As an STD blog, we can’t not bring up some headlines that are out there right now in STD-land. The U.S. Government would probably prefer that we sweep these reports under the rug, however if CNN is going to cover it – we’re going to comment on it. Plus it’s an important (albeit unfortunate) chapter in our nation’s history and important to the “war on STDs.”
Guatemalans Fighting Government on STD Experiments
If you have no idea what’s going on, here’s a brief summary per the article on CNN:
- Between 1946 and 1948, the U.S. conducted STD experiments on Guatemalans
- They used “female commercial sex workers, prisoners in the national penitentiary, patients in the national mental hospital and soldiers” for their experiments.”
- CNN reports, “According to the study, more than 1,600 people were infected: 696 with syphilis, 772 with gonorrhea and 142 with chancres”
- The studies were done to “determine the effectiveness of penicillin in treating or preventing syphilis after subjects were exposed to the disease.”
Read the full article on Guatemalans to file appeal over STD Experiments on CNN.
What to Make of STD Experiments
We can only hope that the discontinuation on humans for the exploration of STD prevention and cure is over. The sad story is that those in Guatemala weren’t the only victims of STD experimentation. The Tuskegee syphilis experiment will really make you cringe. Thankfully our current administration is apologetic and regretful for actions that happened over the past several decades and laws have subsequently been written to prevent this type of activity from happening again.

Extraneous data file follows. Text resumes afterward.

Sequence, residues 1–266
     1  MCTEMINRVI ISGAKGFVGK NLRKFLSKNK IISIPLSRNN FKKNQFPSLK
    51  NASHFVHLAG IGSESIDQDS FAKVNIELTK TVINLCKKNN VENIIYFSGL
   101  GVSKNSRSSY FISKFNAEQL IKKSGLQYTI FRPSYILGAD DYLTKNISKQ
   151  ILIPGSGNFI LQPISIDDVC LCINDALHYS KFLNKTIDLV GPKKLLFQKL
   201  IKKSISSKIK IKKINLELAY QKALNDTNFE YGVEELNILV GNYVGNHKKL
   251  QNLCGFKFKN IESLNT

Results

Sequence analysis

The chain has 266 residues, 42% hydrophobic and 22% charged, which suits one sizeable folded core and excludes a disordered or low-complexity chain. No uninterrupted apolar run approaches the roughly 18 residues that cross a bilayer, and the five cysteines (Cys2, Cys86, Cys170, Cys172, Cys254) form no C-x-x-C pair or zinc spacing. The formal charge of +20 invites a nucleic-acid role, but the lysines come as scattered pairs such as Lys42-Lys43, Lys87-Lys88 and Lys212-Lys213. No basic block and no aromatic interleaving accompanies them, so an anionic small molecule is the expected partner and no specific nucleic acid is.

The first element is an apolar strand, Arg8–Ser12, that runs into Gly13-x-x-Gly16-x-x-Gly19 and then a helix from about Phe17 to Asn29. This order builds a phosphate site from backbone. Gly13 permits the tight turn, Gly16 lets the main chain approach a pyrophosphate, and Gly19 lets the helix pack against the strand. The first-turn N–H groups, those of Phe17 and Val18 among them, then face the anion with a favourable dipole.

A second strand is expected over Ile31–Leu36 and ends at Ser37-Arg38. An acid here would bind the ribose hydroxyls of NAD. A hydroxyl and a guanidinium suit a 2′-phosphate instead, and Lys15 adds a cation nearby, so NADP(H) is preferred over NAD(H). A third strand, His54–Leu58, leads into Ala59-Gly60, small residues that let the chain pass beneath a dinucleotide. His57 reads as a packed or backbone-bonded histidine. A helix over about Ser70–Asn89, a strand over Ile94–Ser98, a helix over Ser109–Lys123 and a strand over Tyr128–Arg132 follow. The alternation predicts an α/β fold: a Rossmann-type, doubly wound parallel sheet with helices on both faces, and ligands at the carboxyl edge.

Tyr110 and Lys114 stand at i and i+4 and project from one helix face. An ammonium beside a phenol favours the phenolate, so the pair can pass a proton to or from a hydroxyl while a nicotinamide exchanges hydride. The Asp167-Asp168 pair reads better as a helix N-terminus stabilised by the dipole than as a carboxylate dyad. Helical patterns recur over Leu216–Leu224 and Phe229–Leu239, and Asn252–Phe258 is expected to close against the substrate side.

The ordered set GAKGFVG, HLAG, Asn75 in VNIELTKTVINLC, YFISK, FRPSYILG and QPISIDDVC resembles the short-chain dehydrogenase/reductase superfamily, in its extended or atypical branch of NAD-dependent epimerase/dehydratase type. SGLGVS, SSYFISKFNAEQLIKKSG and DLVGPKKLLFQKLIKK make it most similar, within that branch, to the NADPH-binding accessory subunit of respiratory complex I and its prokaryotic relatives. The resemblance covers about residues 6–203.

As an STD blog, we mention this incident and ongoing proceedings to bring to light the history of STDs. We by no means advocate what the U.S. did when they infected human subjects with STDs. We bring it up to say that STDs were a problem back then, and they continue to be a problem now. In 2012, STDs seem like such a common problem, even sometimes a “new” problem. However these reports show that this issue spans many decades. And even more, this issue was as big of a problem and concern then as it is now.
Testing and human experimentation isn’t the answer to stopping the STD problem. Abstinence, monogamy, STD testing, STD education and safe-sex practices are the answer. We now know that medication (such as penicillin) can cure some STDs and scientists continue to research (through ethical ways) cures for STDs that are not respondent to modern medicines. As we spread the world through homes, communities, schools, workplaces and more, may these ways become the methods for curing and preventing our nation’s STD problem.
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